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(Jan 06, 2014) Indonesia's government has said it is implementing a universal health care program, beginning on January 1, 2014. (Nadya Natahadibrata, Indonesia's government has said it is implementing a universal health care program, beginning on January 1, 2014. (Nadya Natahadibrata, Govt Set to Launch "Milestone" Program, THE
In a December 30, 2013, statement, Indonesia's President, Susilo Bambang Yudhoyono, described the new program as "a milestone in the country's history" and added that "it will change the welfare of Indonesians. This will create more equitable development, especially for those who are less fortunate." (Natahadibrata, supra.) The new health program will eventually cover all citizens and foreigners residing in the country for more than six months. (Thabrany, supra.) It will be implemented through the Social Security Providers (BPJS) Law (Law No. 24, 2011 [in Indonesian], House of Representatives website), together with twelve regulations and five presidential decrees. (Natahadibrata, supra.)
Features of the Program
The government will fully cover health costs for those unable to pay for a minimal level of care. Those so covered will be able to obtain medical attention anywhere in the country. Among Indonesians, it is estimated that more than 86 million, out of a total population of about 251 million, will be eligible for assistance with the insurance premium payments. (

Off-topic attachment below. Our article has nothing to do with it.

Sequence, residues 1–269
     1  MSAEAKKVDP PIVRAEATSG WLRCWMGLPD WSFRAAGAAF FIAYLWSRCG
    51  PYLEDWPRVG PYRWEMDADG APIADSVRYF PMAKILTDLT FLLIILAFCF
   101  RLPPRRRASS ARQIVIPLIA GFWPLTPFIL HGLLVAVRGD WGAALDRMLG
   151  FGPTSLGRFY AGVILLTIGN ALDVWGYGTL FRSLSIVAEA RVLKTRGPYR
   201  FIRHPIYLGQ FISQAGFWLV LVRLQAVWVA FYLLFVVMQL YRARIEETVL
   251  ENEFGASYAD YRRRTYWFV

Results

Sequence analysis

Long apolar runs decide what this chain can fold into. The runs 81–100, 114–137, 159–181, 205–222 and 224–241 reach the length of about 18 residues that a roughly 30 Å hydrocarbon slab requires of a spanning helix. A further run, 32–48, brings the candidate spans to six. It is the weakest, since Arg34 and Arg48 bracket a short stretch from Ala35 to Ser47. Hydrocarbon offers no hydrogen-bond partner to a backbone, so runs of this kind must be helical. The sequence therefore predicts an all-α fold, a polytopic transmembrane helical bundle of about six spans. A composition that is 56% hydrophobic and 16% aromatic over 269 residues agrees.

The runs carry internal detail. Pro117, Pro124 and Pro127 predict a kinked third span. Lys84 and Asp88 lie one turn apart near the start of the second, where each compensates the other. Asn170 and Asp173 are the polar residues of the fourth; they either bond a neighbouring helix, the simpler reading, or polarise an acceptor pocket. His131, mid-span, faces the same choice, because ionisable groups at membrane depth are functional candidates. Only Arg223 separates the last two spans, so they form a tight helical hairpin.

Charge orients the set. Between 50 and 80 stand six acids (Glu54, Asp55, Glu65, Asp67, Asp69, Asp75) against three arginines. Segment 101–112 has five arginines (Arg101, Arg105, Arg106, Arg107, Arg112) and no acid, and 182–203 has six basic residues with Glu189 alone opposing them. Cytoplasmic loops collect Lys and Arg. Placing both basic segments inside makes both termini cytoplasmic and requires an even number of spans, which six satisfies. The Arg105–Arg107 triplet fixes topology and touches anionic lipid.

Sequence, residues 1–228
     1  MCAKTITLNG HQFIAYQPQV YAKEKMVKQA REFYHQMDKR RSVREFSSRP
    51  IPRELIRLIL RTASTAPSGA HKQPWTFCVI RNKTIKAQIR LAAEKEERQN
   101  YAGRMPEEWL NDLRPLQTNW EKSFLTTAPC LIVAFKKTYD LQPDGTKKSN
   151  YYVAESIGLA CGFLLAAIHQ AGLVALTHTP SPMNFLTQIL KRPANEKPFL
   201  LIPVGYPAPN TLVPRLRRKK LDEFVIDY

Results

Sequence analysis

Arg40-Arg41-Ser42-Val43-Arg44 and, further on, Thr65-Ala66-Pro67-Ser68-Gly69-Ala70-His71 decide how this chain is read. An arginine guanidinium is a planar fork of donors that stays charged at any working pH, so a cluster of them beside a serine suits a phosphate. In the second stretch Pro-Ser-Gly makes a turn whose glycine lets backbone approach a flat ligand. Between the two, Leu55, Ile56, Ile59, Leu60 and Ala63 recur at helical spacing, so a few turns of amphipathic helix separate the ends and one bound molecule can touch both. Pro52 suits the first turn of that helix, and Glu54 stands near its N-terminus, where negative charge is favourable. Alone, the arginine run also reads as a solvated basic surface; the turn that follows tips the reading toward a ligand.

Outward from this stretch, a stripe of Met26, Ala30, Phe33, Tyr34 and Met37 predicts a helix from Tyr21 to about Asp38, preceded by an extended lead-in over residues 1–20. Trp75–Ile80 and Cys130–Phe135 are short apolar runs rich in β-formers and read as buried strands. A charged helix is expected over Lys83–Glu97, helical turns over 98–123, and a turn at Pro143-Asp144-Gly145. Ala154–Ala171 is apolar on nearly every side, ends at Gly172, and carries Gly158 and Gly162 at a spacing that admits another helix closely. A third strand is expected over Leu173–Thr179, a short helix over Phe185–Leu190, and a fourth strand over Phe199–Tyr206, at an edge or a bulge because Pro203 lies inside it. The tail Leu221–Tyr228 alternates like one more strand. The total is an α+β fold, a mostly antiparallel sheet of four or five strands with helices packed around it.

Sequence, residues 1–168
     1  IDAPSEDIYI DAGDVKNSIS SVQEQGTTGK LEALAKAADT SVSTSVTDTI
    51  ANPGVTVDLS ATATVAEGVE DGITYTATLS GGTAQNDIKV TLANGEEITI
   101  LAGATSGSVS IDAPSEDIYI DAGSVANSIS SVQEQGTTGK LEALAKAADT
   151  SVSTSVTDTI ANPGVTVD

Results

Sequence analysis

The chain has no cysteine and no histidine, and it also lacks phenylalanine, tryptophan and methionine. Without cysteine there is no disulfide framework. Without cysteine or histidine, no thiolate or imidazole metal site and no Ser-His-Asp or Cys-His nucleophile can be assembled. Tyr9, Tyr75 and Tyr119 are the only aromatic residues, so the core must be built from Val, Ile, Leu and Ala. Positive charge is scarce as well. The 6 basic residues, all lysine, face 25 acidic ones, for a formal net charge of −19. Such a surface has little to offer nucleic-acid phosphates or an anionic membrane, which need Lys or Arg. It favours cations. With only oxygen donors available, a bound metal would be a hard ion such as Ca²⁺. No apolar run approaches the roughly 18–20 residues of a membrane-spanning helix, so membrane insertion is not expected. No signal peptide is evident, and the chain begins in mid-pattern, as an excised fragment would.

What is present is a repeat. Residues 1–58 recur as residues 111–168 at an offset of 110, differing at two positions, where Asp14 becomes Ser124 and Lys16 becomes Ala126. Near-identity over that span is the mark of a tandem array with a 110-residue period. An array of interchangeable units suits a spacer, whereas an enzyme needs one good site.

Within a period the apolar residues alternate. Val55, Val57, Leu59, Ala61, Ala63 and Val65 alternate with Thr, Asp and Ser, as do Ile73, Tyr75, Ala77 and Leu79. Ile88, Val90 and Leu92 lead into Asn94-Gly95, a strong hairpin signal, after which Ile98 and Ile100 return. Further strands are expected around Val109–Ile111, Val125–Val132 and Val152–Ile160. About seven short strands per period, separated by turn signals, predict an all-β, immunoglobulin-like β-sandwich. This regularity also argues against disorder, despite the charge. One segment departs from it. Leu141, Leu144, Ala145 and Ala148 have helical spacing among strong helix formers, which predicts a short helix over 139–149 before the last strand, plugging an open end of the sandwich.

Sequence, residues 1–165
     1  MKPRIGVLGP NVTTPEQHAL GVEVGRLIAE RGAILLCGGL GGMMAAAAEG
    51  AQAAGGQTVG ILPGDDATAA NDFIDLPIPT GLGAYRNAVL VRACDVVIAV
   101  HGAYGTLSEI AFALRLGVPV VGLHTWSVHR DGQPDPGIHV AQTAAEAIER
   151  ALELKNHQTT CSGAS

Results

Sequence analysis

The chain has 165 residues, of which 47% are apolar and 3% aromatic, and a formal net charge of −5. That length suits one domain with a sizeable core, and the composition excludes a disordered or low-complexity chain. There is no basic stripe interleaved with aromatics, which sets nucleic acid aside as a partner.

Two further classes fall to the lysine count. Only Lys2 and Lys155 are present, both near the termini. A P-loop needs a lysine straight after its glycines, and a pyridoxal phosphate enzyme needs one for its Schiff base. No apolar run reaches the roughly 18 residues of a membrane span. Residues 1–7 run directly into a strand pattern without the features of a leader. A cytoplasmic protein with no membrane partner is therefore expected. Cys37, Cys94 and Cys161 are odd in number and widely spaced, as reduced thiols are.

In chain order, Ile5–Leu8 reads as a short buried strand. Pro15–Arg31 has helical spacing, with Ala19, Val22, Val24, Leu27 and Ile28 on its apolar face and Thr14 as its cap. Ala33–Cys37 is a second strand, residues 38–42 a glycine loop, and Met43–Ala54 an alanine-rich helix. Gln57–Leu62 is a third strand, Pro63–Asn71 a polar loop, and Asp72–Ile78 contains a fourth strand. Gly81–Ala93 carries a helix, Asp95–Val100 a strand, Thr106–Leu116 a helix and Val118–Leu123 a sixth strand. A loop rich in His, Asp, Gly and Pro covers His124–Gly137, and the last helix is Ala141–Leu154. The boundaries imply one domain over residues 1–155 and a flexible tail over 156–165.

Criticisms of the Plan
Some critics have questioned whether the program is fully ready for implementation. The opposition Indonesian Democratic Party of Struggle suggested that the government's plan to conduct a new survey to determine how many Indonesians qualify for assistance with health insurance demonstrates a lack of readiness. The Party has also pointed out that different government departments have different estimates of the number of poor people in the country, ranging from 40 million to 70 million. (
Zainal Abidin of the Indonesian Doctors Association also argued that there has been insufficient preparation, with a lack of information for health workers and the public. He stated on December 30 that "[m]ost health workers still don't know how the program will work, what types of services we should provide and if the premium is enough to pay for a particular service. … We can only run the program while learning about it and evaluating it." (
Additional concerns have been raised about the general quality and availability of health care in Indonesia, with questions on a number of issues, including the number of specialists practicing in the country. (
|Author:||Constance Johnson More by this author|
|Topic:||Health care funding More on this topic|
|Health insurance More on this topic|
|Jurisdiction:||Indonesia More about this jurisdiction|
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Last updated: 01/06/2014